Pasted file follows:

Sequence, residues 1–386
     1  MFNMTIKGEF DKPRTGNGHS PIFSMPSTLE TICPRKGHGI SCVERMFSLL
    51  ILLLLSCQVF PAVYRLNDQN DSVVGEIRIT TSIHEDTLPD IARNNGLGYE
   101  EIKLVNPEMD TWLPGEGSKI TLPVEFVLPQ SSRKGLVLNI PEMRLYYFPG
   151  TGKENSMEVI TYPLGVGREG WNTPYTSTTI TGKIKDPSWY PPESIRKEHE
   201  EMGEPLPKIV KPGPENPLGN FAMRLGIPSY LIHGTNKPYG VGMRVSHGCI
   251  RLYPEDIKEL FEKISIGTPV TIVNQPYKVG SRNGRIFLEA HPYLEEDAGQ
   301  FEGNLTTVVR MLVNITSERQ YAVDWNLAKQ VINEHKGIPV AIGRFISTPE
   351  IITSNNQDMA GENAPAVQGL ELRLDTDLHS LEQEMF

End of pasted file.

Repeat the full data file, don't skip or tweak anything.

Sequence, residues 1–386
     1  MFNMTIKGEF DKPRTGNGHS PIFSMPSTLE TICPRKGHGI SCVERMFSLL
    51  ILLLLSCQVF PAVYRLNDQN DSVVGEIRIT TSIHEDTLPD IARNNGLGYE
   101  EIKLVNPEMD TWLPGEGSKI TLPVEFVLPQ SSRKGLVLNI PEMRLYYFPG
   151  TGKENSMEVI TYPLGVGREG WNTPYTSTTI TGKIKDPSWY PPESIRKEHE
   201  EMGEPLPKIV KPGPENPLGN FAMRLGIPSY LIHGTNKPYG VGMRVSHGCI
   251  RLYPEDIKEL FEKISIGTPV TIVNQPYKVG SRNGRIFLEA HPYLEEDAGQ
   301  FEGNLTTVVR MLVNITSERQ YAVDWNLAKQ VINEHKGIPV AIGRFISTPE
   351  IITSNNQDMA GENAPAVQGL ELRLDTDLHS LEQEMF